U.S. Senator Ron Wyden offered a shoulder of support to firefighters battling flames that he said have "hit our state like a wrecking ball" and set roughly 1.5 million acres ablaze across the western states.
"There aren't going to be a lot of big speeches," Wyden promised a scrum of reporters gathered Friday, Sept. 8 in Troutdale. Instead, he gave his thanks to those on the front lines.
"This morning, (first responders) are pretty sleep deprived — and they've probably had enough pasta over the last few days to last them for a long time," he noted.
But in a little speech, the 68-year-old heralded the agreements that have secured short-term federal funds to pay for efforts by firefighters. He said the cooperation was another example of the Oregon Way, a fair-play doctrine that the senator often highlights.
"It isn't the law, it isn't written down anywhere," Wyden explained. "It's just Oregonians stepping up… and coming forward and saying 'We're going to make sure our friends and neighbors aren't in jeopardy.'"
Firefighters have boxed in just 7 percent of the Eagle Creek wildfire, which has spread to 33,328 acres in East Multnomah County, according to the latest reports.
Stretches of the Columbia River remain closed to non-commercial traffic, and transportation officials say they still have no timeline for reopening Interstate 84 between Hood River and Troutdale.
Preliminary estimates suggest at least 2,000 damaged trees must be removed from the sides of I-84, and the freeway will remain closed through the weekend.
"I anticipate that number (of trees) to climb significantly once we get into areas that we cannot see into today," said ODOT manager Rian Windsheimer. "Within the interstate sections, I think we have a fairly good handle on what needs to be done. As you start looking at county roads (and the Historic Columbia River Highway), those are going to be significantly more."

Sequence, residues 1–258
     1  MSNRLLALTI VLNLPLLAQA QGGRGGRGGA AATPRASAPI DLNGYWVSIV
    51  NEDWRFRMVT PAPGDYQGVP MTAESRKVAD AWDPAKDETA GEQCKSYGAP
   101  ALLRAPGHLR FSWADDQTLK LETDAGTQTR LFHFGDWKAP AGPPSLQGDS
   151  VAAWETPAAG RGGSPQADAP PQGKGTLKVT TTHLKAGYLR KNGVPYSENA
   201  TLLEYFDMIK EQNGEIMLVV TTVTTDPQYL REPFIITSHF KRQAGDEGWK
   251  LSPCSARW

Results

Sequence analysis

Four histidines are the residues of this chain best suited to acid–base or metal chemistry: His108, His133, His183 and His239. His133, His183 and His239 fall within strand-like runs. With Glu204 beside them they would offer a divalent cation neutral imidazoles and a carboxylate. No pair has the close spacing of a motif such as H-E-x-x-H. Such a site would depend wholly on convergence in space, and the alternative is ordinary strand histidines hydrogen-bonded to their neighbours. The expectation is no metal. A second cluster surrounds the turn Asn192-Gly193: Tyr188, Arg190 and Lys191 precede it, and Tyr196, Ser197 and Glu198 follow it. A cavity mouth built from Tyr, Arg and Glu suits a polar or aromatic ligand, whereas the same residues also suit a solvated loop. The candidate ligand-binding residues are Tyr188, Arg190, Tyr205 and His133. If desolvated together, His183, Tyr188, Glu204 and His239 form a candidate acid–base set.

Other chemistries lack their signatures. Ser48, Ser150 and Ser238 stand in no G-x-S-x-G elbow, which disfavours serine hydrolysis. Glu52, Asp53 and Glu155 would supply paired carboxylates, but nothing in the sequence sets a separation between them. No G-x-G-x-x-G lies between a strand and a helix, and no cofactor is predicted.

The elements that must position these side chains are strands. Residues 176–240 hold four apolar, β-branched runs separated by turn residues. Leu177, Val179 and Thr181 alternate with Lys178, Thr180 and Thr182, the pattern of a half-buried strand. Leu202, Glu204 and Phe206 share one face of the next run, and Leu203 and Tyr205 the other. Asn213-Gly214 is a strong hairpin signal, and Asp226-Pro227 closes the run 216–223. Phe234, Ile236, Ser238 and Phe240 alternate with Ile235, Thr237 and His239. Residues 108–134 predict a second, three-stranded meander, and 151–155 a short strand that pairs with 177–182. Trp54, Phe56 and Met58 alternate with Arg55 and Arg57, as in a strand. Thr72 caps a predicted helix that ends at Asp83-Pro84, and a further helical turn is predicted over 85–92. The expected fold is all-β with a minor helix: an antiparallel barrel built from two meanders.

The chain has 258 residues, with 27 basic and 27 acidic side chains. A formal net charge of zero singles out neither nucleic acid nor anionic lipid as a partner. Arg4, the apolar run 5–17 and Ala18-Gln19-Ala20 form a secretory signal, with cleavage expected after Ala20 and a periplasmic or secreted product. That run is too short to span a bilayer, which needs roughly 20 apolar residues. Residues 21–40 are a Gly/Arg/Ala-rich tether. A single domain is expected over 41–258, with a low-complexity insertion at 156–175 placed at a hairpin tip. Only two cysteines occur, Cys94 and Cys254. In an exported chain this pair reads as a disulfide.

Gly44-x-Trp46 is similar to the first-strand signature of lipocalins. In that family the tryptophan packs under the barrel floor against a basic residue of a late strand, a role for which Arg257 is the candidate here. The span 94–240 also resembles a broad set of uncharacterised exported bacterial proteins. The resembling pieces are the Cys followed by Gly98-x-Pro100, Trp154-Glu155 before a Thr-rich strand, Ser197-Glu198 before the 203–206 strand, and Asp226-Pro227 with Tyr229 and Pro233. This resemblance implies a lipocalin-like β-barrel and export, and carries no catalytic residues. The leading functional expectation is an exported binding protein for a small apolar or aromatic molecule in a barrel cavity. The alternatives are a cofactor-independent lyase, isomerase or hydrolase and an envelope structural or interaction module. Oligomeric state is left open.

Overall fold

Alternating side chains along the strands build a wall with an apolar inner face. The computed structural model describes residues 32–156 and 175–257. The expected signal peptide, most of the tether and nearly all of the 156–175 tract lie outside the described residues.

Multnomah County Sheriff Mike Reese said deputies are continuing to work 12-hour shifts to protect lives and property, and several officers had recently discovered that portions of Palmer Mill Road had washed out in Bridal Veil.
U.S. Forest Service spokeswoman Traci Weaver said helicopters would continue to perform bucket drops, and a planned burnout might occur near Corbett if humidity levels dropped in the afternoon.
While some citizens have expressed the urge to begin restoring the trails that crisscross the Gorge, Weaver suggested it might be some time before the public was allowed access.
"The smoke has shifted out of here," she remarked. "(But we) can only begin to imagine how many hazard trees are along our trails."
The senator from Oregon was in a classical mood on Friday, calling Congress' propensity to fund disaster response — rather than preventive forestry — both a long-running "Trojan War" and lawmakers' "Achilles Heel."
Wyden said he would continue to lobby Senate Minority Leader Chuck Schumer, D-New York, on that and other topics.